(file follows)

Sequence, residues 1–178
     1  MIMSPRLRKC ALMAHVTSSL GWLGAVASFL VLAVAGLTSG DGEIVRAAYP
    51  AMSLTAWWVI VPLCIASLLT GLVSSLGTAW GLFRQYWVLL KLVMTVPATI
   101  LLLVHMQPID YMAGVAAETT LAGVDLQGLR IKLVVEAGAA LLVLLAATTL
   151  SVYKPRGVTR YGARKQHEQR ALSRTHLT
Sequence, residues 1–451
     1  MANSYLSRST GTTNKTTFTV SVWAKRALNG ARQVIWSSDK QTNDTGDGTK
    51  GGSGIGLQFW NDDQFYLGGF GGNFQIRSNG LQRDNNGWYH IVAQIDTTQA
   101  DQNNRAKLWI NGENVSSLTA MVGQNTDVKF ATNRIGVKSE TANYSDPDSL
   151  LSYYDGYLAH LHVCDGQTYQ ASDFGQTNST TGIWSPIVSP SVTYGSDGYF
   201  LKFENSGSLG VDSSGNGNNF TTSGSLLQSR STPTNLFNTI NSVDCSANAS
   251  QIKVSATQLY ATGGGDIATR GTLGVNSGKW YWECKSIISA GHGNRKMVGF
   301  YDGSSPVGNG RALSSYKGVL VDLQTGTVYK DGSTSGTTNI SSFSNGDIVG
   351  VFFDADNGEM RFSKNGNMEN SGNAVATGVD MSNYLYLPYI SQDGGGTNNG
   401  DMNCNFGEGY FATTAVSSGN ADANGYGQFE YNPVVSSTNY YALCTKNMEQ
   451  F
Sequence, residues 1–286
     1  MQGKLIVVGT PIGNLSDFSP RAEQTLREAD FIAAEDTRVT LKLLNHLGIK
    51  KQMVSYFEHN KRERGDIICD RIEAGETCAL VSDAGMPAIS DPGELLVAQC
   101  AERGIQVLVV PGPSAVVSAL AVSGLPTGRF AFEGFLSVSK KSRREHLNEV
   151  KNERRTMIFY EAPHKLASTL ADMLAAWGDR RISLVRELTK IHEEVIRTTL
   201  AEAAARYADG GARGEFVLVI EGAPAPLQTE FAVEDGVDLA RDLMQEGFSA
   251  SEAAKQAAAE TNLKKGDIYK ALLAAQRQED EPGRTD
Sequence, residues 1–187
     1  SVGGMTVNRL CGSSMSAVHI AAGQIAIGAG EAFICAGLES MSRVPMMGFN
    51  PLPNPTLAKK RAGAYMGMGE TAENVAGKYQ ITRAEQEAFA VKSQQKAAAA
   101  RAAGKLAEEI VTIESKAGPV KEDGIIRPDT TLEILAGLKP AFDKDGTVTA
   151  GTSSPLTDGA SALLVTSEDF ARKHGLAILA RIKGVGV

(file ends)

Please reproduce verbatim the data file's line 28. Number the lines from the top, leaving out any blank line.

   151  GTSSPLTDGA SALLVTSEDF ARKHGLAILA RIKGVGV